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Son did not acknowledge father gave him a platform to run for office. But we are witnesses to how George invoked his regal might to checkmate another renegade known as Obanikoro or Koro. Koro knew he was rigged out of the helmsman’s position in the primaries. He invoked all the deities of party and society. He fought with money and law and influence. He lost.

George saw a gladiator in Agbaje to fulfil his selfish dream to own Lagos. He knew he could not do it himself. He wanted his son to do it. He probably had read writer Frank A. Clark that “a father is a man who expects his son to be as good a man as he meant to be.” Agbaje sold his progressive convictions for a mess of ambition and sought to fell his foes that serially defeated him in the past. Father wanted to ride son and son wanted to ride father. No one had the opportunity to mount the saddle. Both had a common enemy in the APC in Lagos. But they were not friends enough to fight the enemy. So, both fell and never laughed nor cried together in public. Rather, they are eating their own flesh. An Agbaje sees George as ‘agbaya’, while George sees Agbaje as wayward and prodigal, or “omo ti o leko” (a spoilt child). Youth scowls up at age; age drips with contempt. He may be lamenting like Shakespeare in his play, The Tempest, that “good wombs have borne bad sons.” That is assuming that he has a good political womb.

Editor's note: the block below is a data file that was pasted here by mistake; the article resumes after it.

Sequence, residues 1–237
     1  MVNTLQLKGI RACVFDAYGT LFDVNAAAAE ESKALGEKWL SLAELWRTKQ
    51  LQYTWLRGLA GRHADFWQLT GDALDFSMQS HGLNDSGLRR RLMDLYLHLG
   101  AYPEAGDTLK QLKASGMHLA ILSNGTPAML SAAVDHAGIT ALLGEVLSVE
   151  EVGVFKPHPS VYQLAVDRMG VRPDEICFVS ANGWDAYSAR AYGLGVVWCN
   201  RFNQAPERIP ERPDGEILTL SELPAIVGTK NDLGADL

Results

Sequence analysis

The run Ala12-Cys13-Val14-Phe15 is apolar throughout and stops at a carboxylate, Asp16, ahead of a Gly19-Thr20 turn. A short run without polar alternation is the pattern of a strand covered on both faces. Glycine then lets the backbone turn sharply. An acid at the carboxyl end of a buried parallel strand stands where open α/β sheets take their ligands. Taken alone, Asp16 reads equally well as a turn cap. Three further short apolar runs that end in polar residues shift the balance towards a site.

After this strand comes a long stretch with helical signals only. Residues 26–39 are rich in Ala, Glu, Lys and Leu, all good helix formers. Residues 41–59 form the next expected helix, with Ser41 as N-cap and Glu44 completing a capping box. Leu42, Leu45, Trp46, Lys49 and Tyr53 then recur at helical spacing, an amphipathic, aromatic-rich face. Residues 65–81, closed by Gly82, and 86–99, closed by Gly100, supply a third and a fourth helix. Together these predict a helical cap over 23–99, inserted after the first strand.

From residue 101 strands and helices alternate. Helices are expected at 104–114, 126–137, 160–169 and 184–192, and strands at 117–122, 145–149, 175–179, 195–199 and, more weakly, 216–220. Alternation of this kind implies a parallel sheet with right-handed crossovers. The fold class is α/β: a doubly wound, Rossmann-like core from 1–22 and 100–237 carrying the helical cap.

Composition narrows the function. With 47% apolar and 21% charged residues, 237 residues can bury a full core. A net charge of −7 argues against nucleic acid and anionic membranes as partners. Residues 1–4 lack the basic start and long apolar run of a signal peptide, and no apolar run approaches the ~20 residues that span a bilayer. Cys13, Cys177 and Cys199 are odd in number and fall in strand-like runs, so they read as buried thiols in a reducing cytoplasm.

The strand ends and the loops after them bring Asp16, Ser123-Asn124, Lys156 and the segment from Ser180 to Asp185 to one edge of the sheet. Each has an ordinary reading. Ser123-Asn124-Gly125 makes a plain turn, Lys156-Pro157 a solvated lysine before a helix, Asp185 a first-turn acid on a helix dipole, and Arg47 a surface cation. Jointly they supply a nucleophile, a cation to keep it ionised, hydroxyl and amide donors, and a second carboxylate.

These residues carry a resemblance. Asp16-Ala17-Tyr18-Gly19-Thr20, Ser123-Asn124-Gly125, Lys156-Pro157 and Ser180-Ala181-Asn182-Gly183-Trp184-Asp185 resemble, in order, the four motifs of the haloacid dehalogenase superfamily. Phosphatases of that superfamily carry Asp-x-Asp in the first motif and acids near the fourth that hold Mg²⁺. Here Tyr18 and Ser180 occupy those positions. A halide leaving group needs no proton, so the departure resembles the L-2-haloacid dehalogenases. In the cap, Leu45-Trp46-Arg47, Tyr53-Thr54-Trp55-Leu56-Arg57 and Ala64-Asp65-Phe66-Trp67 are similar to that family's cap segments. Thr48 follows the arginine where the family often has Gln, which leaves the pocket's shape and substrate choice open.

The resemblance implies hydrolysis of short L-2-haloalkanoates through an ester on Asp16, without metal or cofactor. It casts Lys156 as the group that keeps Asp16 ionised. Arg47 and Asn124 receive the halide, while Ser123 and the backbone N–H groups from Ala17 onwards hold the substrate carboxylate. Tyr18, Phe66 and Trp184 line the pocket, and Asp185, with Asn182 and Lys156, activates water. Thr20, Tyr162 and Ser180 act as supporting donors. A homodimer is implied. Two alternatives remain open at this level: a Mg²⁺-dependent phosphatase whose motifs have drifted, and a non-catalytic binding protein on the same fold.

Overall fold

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The Agbaje-George slugfest reflects the existential duel within the bigger PDP. It is a battle between interlopers and the mainstays, between renegades and faithful, between old guard and new feathers, between the worms and the bones, between the moles and the moulding. It is a battle between two morally fetid enemies. The end is not good. With one convention after another clipped by the court, by a technically happy judge and another imperious judge, the PDP is fighting over a carcass. Ali Modu Sheriff, who was a renegade in the APC before the PDP governors called him to be a legitimate renegade, planted himself into a mainstay. He rebuilt the party when the governors like Fayose, Wike and Mimiko, could not. Now, they seem to have found their rhythm, and they want him out. They used him and wanted to spit him out. They are coming back to their own vomit.